Road Trip From Washington DC To Boston
Anyone looking for an epic East Coast cruise that's both urban and scenic should do the road trip from Washington DC to Boston. The trip will take you through several of the East's major cities, as well as some of its most breathtaking natural landscapes.
The 440-mile road trip from Washington DC to Boston takes 7 hours 30 minutes. The route covers cities such as Baltimore and New York, the vistas of South Mountain Reservation and Liberty State Park, as well as the New Jersey Coastal Heritage Trail.
To call this trip memorable would be an understatement, so keep reading to get an idea of what you can expect to see.
How far is Boston from Washington DC and how long will the road trip take?
The road trip from Washington DC to Boston spans 440 miles and takes about 7 hours and 30 minutes to complete. If you take off early enough, you have a chance of making it to Boston the same day, and you're guaranteed to make it to the state of New York at the very least.
With that said, there's plenty of incentive to devote at least two weeks to this road trip. One thing you could do is add about 100 miles to your trip by circling New Jersey via the Garden State Parkway – this adds Atlantic City and some scenic parks to your drive.
An issue with planning this trip is the traffic near Baltimore and Philadelphia. Coming out of Washington, a congested city in its own right, a bad luck streak can significantly slow down the first third of your trip - try to take off at sunrise to minimize the chances of that happening.
If you want to cut down the travel time, you could temporarily detour deeper into Pennsylvania to get around Philadelphia, then get back to the main route. The problem here is that this detour is quite barren, so it's better to take your chances with the traffic around Philadelphia.
Best road trip route from Washington DC to Boston
The best route from Washington DC to Boston takes you through Baltimore before giving you the option to pass by Philadelphia or make a detour to the New Jersey Coastal Heritage Trail.
You're in for a treat whichever way you go, since the rest of this scenic drive is exactly the same - it's just a matter of choosing between a more urban or a coastal approach to the middle portion of the drive.
Road trip route from Washington DC to Boston
Along the Baltimore-Washington Highway, drive through Greenbelt Park and past Patuxent Research Refuge all the way to Baltimore. Get on Interstate 95, and follow it out of the city, passing by Susquehanna State Park and over Susquehanna River before reaching Delaware.
Once you've passed Wilmington and crossed Delaware Memorial Bridge, you have two options – driving the New Jersey Turnpike and making detours to Philadelphia or Wharton State Forest, or taking Routes 40, 55, 347, and 47 to Garden State Parkway along the coast.
If you choose to do the latter, you'll be passing through Atlantic City and past a long series of beautiful parks, forests, and refuges. Whatever you choose, the roads converge just past the Raritan River.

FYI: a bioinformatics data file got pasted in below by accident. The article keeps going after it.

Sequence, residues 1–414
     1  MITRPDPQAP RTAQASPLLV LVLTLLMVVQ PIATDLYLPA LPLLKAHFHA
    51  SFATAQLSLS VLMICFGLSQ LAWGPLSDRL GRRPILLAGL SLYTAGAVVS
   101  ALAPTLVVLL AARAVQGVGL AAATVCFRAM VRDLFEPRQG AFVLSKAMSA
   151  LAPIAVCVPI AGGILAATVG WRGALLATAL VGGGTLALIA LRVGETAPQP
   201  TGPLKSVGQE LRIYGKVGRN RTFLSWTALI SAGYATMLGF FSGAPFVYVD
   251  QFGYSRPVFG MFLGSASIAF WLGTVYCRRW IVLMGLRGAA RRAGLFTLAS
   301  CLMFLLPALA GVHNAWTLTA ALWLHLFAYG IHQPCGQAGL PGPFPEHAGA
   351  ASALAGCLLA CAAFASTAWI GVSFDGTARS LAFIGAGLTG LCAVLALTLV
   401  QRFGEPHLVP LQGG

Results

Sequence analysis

Detour into Jersey City or South New York, or follow the toll road north before making a right past Overpeck County Park and crossing the George Washington Bridge. Following Interstate 87, go through Van Cortlandt Park, then follow Route 15 over the Housatonic River.
Cut through West Rock Ridge State Park and pass Sleeping Giant State Park, then get on Interstate 91 and follow it past Dinosaur State Park. Cross Charter Oak Bridge and get on Interstate 84 – follow it out of Connecticut and into Massachusetts, passing Bigelow Hollow State Park.
Finally, past Wells State Park, get on the Massachusetts Turnpike, and follow it past a chain of parks and forests all the way to Boston.
Best places to stop between Washington DC and Boston
When it comes to splitting up the trip from Washington DC to Boston, you'll find plenty of incredible options along the way, most of which are shared by both routes. With that said, certain resorts understandably stand out – here are some of them:
Spend an unforgettable night out in New York
New York is one of the kings of luxury accommodation in the States, so you'll find no shortage of incredible hotels here. If you want to sleep, wine, and dine in style, InterContinental New York Barclay Hotel has to be the single fanciest hotel in all of New York.
Featuring an amazing window view from some of the most luxurious suites you'll ever see, a night at this hotel will leave you feeling energized for a day of exploring. If you're feeling hungry, you can enjoy a meal at The Parlour, which features everything from American to continental cuisine.
If hours of outdoor activity aren't enough to tire you out, you can blow off some steam at the 24-hour fitness center, or better yet, take full advantage of the spa and wellness facilities to relax and ensure a peaceful night's sleep.